Jennifer Lawrence on ‘Joy’ Director David O. Russell: I’ll Never, Ever, Ever Not Make a Movie With Him
Of course Jennifer Lawrence has talent to spare, and of course anyone who meets with success in Hollywood must have a superhuman work ethic, and of course she deserves the fabulous whirlwind of fame that’s swept her up in recent years. Having said all that, Lawrence owes approximately half of her career to David O. Russell. (She owes the other half to Suzanne Collins, author of The Hunger Games trilogy of novels and inadvertent financier of Lawrence’s real-estate holdings.)
Just as Martin Scorsese launched a young Robert De Niro to artistic legitimacy in the ’70s and then did the same for a young Leonardo DiCaprio in the early ’00s, Russell has taken quite a shine to Lawrence and seemingly made it his mission in life to continually supply her with rich, brassy roles in his mid-level art films. First tapping her for an unstable widow in Silver Linings Playbook in 2012 and then reteaming for American Hustle a year later, Russell has found something of a muse in the young superstar. They are the best thing to happen to one another, making up two halves of a winning formula that’s created a handful of engaging and distinctive films popular with Oscar voters and neighborhood moviegoers alike.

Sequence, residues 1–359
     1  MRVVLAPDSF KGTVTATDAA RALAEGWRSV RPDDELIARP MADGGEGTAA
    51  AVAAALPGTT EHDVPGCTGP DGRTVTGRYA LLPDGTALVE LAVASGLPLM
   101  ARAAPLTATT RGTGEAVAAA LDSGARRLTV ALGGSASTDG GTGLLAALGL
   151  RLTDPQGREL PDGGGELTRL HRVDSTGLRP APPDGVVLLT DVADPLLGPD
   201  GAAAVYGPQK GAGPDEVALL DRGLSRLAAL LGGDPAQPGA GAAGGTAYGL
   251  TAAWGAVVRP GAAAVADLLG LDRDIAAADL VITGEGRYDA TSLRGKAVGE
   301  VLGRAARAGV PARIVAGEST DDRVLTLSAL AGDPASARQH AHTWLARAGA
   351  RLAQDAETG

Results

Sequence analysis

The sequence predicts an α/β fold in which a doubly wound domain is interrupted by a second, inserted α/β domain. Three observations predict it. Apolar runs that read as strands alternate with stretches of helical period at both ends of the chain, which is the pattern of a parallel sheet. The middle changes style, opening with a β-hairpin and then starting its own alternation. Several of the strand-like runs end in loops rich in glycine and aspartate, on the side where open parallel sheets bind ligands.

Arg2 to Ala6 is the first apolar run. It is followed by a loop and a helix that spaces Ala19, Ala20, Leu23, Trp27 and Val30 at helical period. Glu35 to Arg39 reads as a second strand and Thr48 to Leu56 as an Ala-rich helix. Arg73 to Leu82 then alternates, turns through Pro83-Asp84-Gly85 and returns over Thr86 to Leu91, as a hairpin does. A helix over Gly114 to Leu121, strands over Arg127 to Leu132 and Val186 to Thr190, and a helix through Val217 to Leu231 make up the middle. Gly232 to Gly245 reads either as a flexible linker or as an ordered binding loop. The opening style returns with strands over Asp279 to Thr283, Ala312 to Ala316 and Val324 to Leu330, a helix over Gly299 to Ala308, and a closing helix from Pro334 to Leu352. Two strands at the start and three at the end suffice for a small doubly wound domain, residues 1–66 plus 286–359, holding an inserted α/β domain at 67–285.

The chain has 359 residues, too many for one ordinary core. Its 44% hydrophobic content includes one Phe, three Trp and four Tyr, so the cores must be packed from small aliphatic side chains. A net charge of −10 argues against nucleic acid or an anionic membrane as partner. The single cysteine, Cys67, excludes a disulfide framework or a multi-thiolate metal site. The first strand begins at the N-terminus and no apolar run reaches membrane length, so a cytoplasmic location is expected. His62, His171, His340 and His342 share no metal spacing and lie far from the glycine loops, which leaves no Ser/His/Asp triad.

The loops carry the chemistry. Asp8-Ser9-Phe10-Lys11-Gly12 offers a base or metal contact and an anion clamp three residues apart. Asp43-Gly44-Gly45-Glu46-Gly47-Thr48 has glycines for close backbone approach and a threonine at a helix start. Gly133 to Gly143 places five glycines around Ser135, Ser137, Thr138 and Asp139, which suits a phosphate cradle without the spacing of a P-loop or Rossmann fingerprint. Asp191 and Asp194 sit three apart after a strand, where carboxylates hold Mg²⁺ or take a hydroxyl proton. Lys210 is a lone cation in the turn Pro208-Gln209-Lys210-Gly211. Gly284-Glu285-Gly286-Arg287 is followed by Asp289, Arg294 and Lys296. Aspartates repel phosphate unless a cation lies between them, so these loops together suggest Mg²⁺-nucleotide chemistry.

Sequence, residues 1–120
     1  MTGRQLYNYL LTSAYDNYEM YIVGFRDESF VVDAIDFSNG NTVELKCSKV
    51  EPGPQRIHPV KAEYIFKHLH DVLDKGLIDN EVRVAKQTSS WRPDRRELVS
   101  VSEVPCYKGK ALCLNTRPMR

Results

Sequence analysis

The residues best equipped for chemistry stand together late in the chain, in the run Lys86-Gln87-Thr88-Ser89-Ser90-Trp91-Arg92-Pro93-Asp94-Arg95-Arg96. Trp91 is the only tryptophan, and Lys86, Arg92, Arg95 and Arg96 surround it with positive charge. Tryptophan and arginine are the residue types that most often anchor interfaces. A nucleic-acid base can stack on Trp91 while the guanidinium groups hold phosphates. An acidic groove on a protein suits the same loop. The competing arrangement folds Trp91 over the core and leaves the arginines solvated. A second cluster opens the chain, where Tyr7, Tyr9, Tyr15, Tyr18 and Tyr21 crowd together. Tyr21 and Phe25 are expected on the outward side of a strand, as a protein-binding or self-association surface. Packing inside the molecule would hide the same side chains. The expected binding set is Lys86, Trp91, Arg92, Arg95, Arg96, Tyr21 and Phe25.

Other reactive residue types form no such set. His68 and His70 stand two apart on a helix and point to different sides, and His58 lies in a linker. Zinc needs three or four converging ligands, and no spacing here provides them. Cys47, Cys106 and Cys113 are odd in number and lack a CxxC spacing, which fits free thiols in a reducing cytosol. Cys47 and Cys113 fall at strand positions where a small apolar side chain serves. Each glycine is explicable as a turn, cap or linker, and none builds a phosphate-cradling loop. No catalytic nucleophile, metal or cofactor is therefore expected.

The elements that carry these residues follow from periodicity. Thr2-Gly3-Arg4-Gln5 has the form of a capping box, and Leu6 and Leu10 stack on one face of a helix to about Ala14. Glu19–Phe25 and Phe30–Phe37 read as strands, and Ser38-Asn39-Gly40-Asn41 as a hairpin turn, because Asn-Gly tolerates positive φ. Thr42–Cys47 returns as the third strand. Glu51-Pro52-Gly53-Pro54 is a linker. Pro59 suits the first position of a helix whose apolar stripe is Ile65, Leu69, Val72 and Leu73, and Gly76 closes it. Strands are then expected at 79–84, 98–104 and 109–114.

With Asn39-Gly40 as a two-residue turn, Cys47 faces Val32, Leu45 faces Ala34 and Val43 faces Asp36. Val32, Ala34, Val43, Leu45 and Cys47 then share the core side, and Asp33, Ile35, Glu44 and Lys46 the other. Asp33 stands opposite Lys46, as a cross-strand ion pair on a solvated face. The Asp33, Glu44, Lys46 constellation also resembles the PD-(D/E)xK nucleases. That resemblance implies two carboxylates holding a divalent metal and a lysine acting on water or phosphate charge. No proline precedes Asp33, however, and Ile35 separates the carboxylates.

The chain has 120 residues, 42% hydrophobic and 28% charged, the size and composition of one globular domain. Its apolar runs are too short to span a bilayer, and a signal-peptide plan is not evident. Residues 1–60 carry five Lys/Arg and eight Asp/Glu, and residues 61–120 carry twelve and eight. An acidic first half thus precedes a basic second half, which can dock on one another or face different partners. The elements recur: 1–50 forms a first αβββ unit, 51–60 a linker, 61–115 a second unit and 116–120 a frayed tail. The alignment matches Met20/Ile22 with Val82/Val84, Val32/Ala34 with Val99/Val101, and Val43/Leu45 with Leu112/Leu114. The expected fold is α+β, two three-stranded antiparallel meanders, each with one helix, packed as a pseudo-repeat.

With the pair’s third collaboration Joy quickly approaching its Christmas Day release date, Lawrence took the time to sit for a Q&A over the weekend following the first advance screenings in New York and Los Angeles. (Credit to the folks at Variety for their reporting on the event.) She spoke about the vital feminist component of the upcoming film, describing it as a tribute to “women who are the unsung heroes of their household” — and indeed, there are not nearly enough films about the quiet dignity and unheard trials of making the home. But the focus was mostly kept on Lawrence’s effusive respect for Russell as a creative collaborator and friend. The starlet confessed that at this point, she’d pretty much give an instant ‘yes’ to anything the director might want from her.
David and I will never, ever, ever, ever not do movies together. I love him so much that sometimes I can’t talk about him without tearing up. Look! I’m tearing up. I understand every look, every eyeball move, every word he says or doesn’t say. We were made for each other.
Lawrence reminisced on how the safe, experimental atmosphere on set assuaged her fears over a scene in which her character sings, but saved the most moving quote for last. As the Q&A concluded, all parties present on the panel answered a query about the people who have always believed in them. Lawrence’s answer was simple and assured: “My mother, and David.”